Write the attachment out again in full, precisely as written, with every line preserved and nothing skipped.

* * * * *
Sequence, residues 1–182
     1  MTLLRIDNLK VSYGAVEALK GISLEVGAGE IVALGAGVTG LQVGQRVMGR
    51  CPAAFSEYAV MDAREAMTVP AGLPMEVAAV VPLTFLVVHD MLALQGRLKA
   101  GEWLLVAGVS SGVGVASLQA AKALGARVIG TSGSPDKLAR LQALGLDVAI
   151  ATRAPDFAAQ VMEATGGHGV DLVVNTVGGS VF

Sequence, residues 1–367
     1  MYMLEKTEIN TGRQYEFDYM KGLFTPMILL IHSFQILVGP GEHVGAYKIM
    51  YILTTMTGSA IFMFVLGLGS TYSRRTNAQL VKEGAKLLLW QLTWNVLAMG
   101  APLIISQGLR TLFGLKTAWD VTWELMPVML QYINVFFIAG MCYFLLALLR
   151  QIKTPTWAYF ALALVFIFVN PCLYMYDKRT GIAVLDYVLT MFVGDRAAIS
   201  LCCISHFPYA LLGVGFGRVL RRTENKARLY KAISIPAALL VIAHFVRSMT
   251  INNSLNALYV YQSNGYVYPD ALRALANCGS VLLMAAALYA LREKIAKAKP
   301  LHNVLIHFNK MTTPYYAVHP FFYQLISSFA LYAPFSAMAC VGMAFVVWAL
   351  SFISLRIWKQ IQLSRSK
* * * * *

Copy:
Sequence, residues 1–182
     1  MTLLRIDNLK VSYGAVEALK GISLEVGAGE IVALGAGVTG LQVGQRVMGR
    51  CPAAFSEYAV MDAREAMTVP AGLPMEVAAV VPLTFLVVHD MLALQGRLKA
   101  GEWLLVAGVS SGVGVASLQA AKALGARVIG TSGSPDKLAR LQALGLDVAI
   151  ATRAPDFAAQ VMEATGGHGV DLVVNTVGGS VF

Sequence, residues 1–367
     1  MYMLEKTEIN TGRQYEFDYM KGLFTPMILL IHSFQILVGP GEHVGAYKIM
    51  YILTTMTGSA IFMFVLGLGS TYSRRTNAQL VKEGAKLLLW QLTWNVLAMG
   101  APLIISQGLR TLFGLKTAWD VTWELMPVML QYINVFFIAG MCYFLLALLR
   151  QIKTPTWAYF ALALVFIFVN PCLYMYDKRT GIAVLDYVLT MFVGDRAAIS
   201  LCCISHFPYA LLGVGFGRVL RRTENKARLY KAISIPAALL VIAHFVRSMT
   251  INNSLNALYV YQSNGYVYPD ALRALANCGS VLLMAAALYA LREKIAKAKP
   301  LHNVLIHFNK MTTPYYAVHP FFYQLISSFA LYAPFSAMAC VGMAFVVWAL
   351  SFISLRIWKQ IQLSRSK